Provo • Their stays at BYU have ranged from five years to one, but the three seniors on the Cougars women’s basketball team who will be playing in their final regular-season games Saturday at Gonzaga say they wouldn’t change a thing about their college careers.
Cassie Broadhead Devashrayee, Amanda Wayment and Malia Nawahine were honored Thursday night at the Marriott Center during their final home game, a 73-35 win over Portland. It was a bittersweet moment for coach Jeff Judkins, but one in which he has grown accustomed.
“This is probably one of the hardest nights for a coach because there are so many wonderful memories and so many things you’ve experienced with these seniors for so long, and then to see them leave and move on with their life, it is kinda tough,” he said. “You hope that you have taught them some things that will help them in their lives.”
Devashrayee has been at BYU the longest, having arrived from upstate New York’s Scotia-Glenville High — not far from Jimmer Fredette’s hometown — as an unsung but high-scoring guard in 2013. She redshirted her first season and barely played as a freshman in 2014-15 before getting some significant minutes as a sophomore.
She blossomed into a star as a junior and has had a solid senior season despite being the defensive focus of every opponent.
“Cassie really started from the bottom and gone up,” Judkins said. “She just gradually got better every year through her hard work and knowledge and all the things that she did.”
Devashrayee improved so much that she was the 2017 WCC Player of the Year.
“I have experienced a lot of things since I have been here, a lot of ups and downs, but it is definitely an experience I would do again, and I wouldn’t change for the world,” she said. “This journey has been awesome, with a lot of ups and downs, but I would come to this school every time if I had the choice again.”
Devashrayee said the ending is sad but also exciting.
“Basketball has been a big part of my life,” she said. “I haven’t known anything else. It will be sad, but it is also a reward for everything, something to celebrate and something to be proud of.”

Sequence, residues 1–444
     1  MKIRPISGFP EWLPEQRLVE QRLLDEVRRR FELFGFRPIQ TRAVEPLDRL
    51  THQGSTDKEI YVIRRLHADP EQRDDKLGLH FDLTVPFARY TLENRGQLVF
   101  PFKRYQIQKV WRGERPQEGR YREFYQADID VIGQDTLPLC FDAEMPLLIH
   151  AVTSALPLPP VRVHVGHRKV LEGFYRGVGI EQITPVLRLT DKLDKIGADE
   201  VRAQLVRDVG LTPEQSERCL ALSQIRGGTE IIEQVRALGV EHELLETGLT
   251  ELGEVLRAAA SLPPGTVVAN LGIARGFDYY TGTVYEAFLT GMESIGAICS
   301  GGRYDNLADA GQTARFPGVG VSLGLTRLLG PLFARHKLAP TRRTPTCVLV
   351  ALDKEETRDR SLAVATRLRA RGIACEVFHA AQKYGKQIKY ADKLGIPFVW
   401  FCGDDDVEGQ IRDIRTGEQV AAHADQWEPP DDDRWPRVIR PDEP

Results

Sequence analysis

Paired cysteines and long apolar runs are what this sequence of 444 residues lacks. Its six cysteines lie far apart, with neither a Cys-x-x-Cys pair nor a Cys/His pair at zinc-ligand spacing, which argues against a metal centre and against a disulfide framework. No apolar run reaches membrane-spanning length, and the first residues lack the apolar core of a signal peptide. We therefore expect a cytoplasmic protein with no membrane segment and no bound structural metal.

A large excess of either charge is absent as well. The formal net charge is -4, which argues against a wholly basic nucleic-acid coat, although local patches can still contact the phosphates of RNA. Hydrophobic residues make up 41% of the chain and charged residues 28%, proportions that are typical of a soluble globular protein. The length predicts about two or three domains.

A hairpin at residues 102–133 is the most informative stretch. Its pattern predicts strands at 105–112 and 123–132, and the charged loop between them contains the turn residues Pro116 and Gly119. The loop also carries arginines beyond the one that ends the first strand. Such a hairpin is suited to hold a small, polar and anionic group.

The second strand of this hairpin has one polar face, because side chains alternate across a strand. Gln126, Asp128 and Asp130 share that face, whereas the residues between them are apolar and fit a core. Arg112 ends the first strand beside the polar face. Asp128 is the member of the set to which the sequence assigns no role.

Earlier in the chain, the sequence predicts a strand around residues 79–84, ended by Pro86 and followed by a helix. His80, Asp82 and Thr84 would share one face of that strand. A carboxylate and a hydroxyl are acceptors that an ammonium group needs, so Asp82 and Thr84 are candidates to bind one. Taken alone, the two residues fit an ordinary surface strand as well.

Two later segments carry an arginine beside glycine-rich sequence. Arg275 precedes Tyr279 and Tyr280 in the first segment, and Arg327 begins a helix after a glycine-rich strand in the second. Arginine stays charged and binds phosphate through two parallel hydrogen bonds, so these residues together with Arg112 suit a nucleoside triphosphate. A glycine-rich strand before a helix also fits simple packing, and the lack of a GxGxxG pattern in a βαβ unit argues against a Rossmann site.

Wayment joined the program in 2014 after a standout career at Fremont High, near Ogden, and has roomed with Devashrayee on the road for four seasons.
“Amanda has had to adjust her whole game and play outside and do a different role,” Judkins said. “She has done a great job with that. She just cares about winning. She hasn’t had all the big numbers, but she has been on winning teams and she does a great job.”
Wayment is majoring in exercise and wellness and wants to be a coach.
“I have had a great time these past four years,” she said. “I wouldn’t change anything. I was meant to come here.”
Nawahine picked Utah over BYU out of Springville High. She joined her sister in Salt Lake City but transferred to BYU after graduating from Utah with a degree in psychology and one season of eligibility remaining.
“We were fortunate to have her come back,” Judkins said. “She has been a big part of our team this year. Her leadership, how she plays on the court, her toughness and all that has really paid off.”
Nawahine said her fellow seniors and teammates included her immediately and made her feel like an important part of the team from the start. She was invited to join the captains in the circle before Thursday’s game then scored 23 points and grabbed six rebounds.
“There have been a lot of ups and downs, but for sure I would choose to come here again,” she said about her only year at BYU.
• Cassie Broadhead Devashrayee, 5-9 guard, Glenville, N.Y.
• Amanda Wayment, 6-1 forward, Ogden
Malia Nawahine, 5-10 guard, Springville
* Malia Nawahine, 5-10 guard, Springville, Utah